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Mullaco Supermarket has been servicing Asian communities in Yorkshire since 1981, but changing consumer habits have meant the store has had to improve its online presence. Chris Dillon finds out how
Mullaco Supermarket is a large independent retailer that is famous for providing authentic, traditional Asian cuisine in Yorkshire, but as its customers change, so too must the way it services them.
The 10,000sq ft store opened in 1981 and was one of the first in the area to provide fresh fruit and vegetables alongside halal meat.
Today, more than 90% of its customers are Asian, with shoppers travelling from all over the country ahead of key seasonal periods like Ramadan to make the most of its range and deals. By becoming experts in its field and providing a large range, the store draws an average basket spend of £24, but the team discovered it was missing out on smaller shopping trips.
“We’ve just brought in 300 lines of core convenience products so we are not losing out on that market,” says owner Ahmed Mulla.
“Our aim is to be a one-stop shop for customers of all backgrounds, economic status and demographics.
“We are big enough to be a supermarket, but small enough to offer a personal service.”
This investment was decided after discovering that many customers were coming to them for ethnic foods, but then visiting Asda for core products. “We brought in these lines over three weeks, mainly in household and toiletries, and from now on we’ll be analysing sales to tailor the range,” he says.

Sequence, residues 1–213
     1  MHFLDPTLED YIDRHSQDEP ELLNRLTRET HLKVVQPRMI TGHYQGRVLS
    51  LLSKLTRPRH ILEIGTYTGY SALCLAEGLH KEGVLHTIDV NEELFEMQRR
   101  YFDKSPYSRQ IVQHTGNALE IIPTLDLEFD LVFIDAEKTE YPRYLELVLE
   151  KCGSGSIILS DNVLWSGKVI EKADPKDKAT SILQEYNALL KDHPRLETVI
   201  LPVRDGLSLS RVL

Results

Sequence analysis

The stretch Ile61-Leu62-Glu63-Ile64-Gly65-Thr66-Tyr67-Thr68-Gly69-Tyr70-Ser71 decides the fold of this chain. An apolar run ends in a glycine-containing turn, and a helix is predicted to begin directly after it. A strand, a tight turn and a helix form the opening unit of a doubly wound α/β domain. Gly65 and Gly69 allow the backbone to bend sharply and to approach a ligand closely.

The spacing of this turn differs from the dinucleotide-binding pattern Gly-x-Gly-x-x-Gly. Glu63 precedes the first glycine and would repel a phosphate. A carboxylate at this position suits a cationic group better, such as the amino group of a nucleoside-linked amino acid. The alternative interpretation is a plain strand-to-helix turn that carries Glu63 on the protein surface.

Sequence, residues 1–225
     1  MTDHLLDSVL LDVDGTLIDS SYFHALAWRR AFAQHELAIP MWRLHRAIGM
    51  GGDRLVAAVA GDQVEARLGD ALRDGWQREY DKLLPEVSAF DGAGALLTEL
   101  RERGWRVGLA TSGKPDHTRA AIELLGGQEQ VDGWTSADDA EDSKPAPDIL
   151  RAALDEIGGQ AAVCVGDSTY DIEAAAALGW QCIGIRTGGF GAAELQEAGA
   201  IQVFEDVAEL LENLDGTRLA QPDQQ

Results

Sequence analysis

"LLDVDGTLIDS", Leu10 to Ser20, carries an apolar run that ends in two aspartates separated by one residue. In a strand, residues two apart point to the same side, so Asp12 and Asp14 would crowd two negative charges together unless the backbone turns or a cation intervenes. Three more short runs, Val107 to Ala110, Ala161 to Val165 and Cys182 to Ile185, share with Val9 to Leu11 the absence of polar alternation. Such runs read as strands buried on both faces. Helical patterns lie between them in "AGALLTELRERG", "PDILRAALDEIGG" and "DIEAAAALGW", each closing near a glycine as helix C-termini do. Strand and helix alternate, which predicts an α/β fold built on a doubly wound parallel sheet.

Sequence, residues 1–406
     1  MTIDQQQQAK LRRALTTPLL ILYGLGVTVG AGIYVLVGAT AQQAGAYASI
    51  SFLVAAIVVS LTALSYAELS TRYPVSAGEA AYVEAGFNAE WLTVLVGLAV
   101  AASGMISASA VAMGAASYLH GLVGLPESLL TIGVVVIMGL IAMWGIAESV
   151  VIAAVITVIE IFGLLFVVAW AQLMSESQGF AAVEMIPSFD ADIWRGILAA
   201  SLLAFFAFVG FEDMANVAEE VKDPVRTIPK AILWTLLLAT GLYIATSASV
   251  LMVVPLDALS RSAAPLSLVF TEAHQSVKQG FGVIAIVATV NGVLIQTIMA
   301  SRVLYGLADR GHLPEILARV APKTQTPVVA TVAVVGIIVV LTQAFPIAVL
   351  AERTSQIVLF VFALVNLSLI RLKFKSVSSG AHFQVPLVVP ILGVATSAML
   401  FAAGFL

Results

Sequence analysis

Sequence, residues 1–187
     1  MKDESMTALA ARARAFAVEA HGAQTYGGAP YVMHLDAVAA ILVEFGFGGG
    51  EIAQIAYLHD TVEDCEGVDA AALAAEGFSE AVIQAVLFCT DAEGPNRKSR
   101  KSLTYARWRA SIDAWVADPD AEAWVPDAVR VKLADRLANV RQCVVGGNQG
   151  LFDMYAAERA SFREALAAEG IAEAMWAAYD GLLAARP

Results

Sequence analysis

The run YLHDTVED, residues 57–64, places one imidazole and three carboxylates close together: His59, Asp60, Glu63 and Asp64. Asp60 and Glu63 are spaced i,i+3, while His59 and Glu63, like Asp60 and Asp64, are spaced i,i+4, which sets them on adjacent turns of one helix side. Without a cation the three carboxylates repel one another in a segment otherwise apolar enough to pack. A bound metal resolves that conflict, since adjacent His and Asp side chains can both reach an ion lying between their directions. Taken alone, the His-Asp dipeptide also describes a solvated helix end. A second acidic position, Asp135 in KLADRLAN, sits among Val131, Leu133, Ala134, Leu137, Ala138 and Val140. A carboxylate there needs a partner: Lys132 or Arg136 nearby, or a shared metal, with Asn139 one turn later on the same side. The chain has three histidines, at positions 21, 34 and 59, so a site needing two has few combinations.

Our aim is to be a one-stop shop for customers of all backgrounds, economic status and demographics
A big focus for change within the business is how it services its existing customers online and uses social media to reach new ones.
“We now educate people on our website. As our unique selling point is Asian food, we’ve been posting recipes and advice on spices. We want to tell food stories,” he explains. The website also features an ‘Indian Vegetable Dictionary’ to help shoppers identify the ingredients that they need.
This has played an important role in explaining to customers that buy online who they are and why they should be trusted. “Most of the population is now online or on their phones, so it’s
essential to engage with people this way,” he explains.
In a bid to capture the attention of foodies outside the Asian community, the business has embraced Instagram to show off its range.
“We were relying on Facebook before, but now we’re posting recipes and dishes that we’ve cooked at home using products from the store,” Ahmed says.
“We’ve engaged with foodies in the area and food bloggers, which has helped us to achieve a greater presence online.” The store has also used targeted Facebook advertising to ship products that weren’t selling before.
But the nature of social media is that the work is never truly complete. “We want to start pushing our store on a daily basis across all social media, so we want to find different ways of creating daily posts,” he says.
“We don’t just want it to be all about products, but partnering with other local businesses and charities.”
Ahmed has also worked with a marketing agency to ensure that the shop’s graphics are visually consistent across the business’s online platforms and store, which has given the company
a much more professional look at every point that customers come into contact with it.
“We’ve also tied promotions into events like Ramadan and upped our online delivery,” he says.
“There’s little help out there for ethnic retailers and I feel the IAA really supports us. I always tell people to get involved,” he says.
Engaging customers digitally can feel like a daunting task for retailers, but for Ahmed’s business, it has resulted in more customers, more products being sold and more engagement.
“I know a lot of people, especially those in the ethnic convenience sector, who are scared of social media, but it’s a great tool for informing people about your store. Retailers must go for it,”